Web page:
If you’re confused about why Opera offers both its
regular mobile browser and Opera Mini on Android,
you’re probably not alone. The major difference
between the two is that Opera Mini features an
always-on data saving mode that compresses data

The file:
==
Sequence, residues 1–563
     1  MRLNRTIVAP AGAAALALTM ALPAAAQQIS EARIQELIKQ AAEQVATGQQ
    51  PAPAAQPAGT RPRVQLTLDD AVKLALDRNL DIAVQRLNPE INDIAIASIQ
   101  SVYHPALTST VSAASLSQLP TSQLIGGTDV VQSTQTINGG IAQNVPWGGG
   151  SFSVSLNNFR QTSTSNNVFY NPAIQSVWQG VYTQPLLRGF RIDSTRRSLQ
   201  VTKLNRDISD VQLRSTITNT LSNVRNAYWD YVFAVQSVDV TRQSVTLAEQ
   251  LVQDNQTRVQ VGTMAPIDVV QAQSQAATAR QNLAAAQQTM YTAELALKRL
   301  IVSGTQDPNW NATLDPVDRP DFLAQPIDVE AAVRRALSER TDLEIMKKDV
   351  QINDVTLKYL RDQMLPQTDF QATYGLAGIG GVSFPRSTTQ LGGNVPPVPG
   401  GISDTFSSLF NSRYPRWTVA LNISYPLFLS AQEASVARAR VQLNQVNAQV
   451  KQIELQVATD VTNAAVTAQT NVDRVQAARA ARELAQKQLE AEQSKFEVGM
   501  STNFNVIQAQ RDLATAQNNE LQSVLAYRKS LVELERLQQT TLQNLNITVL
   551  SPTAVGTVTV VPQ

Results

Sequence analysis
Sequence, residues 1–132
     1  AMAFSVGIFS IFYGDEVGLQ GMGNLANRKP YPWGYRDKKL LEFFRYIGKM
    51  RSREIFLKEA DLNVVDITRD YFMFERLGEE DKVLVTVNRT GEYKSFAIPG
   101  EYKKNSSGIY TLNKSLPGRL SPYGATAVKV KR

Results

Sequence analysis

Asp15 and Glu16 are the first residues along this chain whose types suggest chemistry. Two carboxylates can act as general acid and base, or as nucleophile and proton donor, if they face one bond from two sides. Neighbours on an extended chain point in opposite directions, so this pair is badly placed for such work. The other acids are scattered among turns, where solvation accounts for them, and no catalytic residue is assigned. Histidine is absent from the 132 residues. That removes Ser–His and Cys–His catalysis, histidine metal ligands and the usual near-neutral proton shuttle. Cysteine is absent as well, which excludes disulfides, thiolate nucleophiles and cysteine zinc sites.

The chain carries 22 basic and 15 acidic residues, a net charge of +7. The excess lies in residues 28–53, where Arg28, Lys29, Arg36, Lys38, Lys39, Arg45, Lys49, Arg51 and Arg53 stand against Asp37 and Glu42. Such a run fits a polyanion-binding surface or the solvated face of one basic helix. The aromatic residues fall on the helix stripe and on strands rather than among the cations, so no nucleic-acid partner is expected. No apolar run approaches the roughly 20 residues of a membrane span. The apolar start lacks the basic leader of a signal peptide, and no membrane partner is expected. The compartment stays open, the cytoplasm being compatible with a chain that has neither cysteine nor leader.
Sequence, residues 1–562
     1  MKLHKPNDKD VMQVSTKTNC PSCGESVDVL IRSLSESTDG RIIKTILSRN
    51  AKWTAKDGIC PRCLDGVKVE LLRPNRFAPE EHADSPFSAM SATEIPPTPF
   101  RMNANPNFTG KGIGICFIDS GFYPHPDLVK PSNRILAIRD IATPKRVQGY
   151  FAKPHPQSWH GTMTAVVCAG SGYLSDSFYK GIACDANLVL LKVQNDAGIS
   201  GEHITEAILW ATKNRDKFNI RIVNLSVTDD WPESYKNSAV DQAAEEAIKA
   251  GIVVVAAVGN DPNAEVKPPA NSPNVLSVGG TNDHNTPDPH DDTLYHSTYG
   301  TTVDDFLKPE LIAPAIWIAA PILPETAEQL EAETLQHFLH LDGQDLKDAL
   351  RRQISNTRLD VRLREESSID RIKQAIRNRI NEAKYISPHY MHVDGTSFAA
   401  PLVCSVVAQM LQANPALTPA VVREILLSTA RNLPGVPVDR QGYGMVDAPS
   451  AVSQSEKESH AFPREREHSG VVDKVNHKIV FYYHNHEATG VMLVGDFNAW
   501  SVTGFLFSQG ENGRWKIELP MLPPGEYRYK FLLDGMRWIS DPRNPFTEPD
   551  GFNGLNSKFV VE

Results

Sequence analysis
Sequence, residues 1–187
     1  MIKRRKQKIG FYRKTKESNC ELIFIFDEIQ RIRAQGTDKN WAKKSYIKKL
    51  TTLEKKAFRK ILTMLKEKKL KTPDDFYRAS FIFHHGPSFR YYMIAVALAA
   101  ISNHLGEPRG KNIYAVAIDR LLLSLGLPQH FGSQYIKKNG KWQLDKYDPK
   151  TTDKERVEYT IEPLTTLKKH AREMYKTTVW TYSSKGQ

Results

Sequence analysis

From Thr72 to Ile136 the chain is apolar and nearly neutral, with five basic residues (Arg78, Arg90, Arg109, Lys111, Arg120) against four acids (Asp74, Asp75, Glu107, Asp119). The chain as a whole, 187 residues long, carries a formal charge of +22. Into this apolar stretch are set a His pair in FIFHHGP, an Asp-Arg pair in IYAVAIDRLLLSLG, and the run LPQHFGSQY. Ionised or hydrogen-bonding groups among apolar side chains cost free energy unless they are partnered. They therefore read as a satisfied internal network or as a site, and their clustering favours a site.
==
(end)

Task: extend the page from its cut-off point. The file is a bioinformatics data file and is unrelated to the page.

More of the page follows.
very aggressively. For the most part, Opera Mini manages to do so without breaking the layout of most sites, but sites will look a little bit sparser than usual because Opera’s proxies strips out some design elements and web fonts to save bandwidth. The regular Opera browser for Android also features a similar “turbo” mode, but it’s quite a bit more conservative in its approach. If that isn’t confusion enough, Opera only offers its Mini browser and the more experimental Coast browser on Apple’s iOS platform, but not its standard Opera browser. Opera Mini, the company says, can compress sites to up to 10 percent of their original size. I used the latest beta of Opera Mini – which has now become the stable release . The new Android version also features a redesigned Speed Dial, support for private browsing and the ability to customize the browser’s layout for what Opera describes as “more thumb-friendly surfing” (though as far as I can see, this only means you can choose between three different layout modes). The browser now also features Opera’s Discover feed, which highlights popular stories around the web. Opera CEO Lars Boilesen says he aims to bring Opera’s reach on Android to 275 million users by 2017, up from about 130 million today. That’s pretty aggressive, especially given the competition from Chrome, which also recently added a similar data saving mode.